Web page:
US military aircraft manufacturer Lockheed Martin has said that it is ready to supply new demands for F-16 fighter planes to help Ukrainian forces fight against Russia.
RT cited an interview in the Financial Times in which the airplane manufacturer's chief operating officer, Frank St. John, said there is “a lot of conversation about the third-party transfer of F-16s”, meaning that some of the countries which have these planes wish to send them to the Ukrainian forces to use them to fight against the Russians.
He said Lockheed Martin was not involved in any direct negotiations regarding potential deliveries of military aircraft to Ukraine. Nevertheless, St. John stated his company planned to ramp up production of the jet fighters to get to the point where it will be able to “backfill pretty capably any countries that choose to do third-party transfers to help with the current conflict.”
St. John’s statements come after the US government recently said it would be sending its advanced Abrams tanks to Ukraine, despite Washington's earlier refusals to send the combat tanks.
The US move to send combat tanks to Ukraine prompted the other European NATO allies who have Abrams tanks in their arsenals to send tanks.
The move has reignited talks about transferring other weapons to meet Kiev's unending demands for more missiles and military aircraft.
So far, the US has refused to supply Ukraine with F-16 fighter jets, fearing that Kiev might use the aircraft to strike targets inside Russia.
Also, according to the US-made weapons sales contracts, the transfer or resale of fighter jets to a third country must be approved by the US government.
A US defense official told FT that Washington remains in contact with its international allies and partners regarding the needs of Ukraine but noted that there is “nothing to announce regarding F-16s.”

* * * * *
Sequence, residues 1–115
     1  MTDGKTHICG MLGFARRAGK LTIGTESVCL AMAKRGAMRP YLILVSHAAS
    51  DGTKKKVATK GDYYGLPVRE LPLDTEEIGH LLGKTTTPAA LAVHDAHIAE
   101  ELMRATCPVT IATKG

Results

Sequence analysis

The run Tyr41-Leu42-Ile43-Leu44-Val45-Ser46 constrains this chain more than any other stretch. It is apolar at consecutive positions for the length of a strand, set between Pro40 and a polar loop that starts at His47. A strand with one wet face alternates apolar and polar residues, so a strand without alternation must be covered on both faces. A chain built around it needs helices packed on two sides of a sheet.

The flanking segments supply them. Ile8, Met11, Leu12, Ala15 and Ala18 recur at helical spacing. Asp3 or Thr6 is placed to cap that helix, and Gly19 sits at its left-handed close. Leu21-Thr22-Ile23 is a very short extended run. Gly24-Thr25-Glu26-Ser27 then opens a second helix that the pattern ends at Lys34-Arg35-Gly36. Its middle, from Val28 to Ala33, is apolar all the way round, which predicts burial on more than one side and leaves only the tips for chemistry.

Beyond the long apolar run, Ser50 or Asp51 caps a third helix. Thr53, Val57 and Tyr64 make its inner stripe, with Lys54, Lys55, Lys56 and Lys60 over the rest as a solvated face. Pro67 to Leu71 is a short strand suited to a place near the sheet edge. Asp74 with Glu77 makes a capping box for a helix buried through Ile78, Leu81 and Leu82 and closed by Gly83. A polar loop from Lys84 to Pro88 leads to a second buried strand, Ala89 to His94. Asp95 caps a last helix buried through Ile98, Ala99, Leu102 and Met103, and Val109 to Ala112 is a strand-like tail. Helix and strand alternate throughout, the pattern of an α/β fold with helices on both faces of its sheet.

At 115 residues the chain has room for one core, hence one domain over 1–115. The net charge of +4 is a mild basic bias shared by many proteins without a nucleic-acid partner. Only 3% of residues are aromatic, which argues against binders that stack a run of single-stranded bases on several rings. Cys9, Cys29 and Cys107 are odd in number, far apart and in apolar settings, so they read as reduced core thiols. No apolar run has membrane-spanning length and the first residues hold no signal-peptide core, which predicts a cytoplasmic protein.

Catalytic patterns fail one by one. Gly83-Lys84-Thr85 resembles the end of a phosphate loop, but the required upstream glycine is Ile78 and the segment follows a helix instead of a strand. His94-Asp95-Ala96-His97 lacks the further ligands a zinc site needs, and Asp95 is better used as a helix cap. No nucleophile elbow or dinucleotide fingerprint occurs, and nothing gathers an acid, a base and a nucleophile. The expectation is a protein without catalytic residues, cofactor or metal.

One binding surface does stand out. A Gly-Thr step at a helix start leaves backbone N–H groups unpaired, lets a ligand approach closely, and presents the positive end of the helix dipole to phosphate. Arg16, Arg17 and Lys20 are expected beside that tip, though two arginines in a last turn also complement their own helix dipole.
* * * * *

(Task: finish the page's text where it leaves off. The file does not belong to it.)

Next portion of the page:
Meanwhile, the Netherlands has expressed its willingness to transfer its 40 F-16 fighter jets to Ukraine.
We have “no taboos” in regard to extending military support to Ukraine and look at the Ukraine war with “an open mind” and as an opportunity for making improvements.
Russia has repeatedly warned the western countries supporting Ukraine that flooding the country with weapons would only prolong the war and add to the number of causalities.
Russia started its "special military operation" in Ukraine with the declared aim of "de-Nazifying" the country on February 24, 2022.
Since then, the US and Europe have imposed waves of unprecedented economic sanctions on Moscow and have given Ukraine tens of billions of dollars' worth of weaponry, including rocket systems, drones, armored vehicles and communications systems.
Moscow has asserted that US-led efforts against Russia will not stop it from achieving its declared objectives in the pro-Russian areas of Ukraine.
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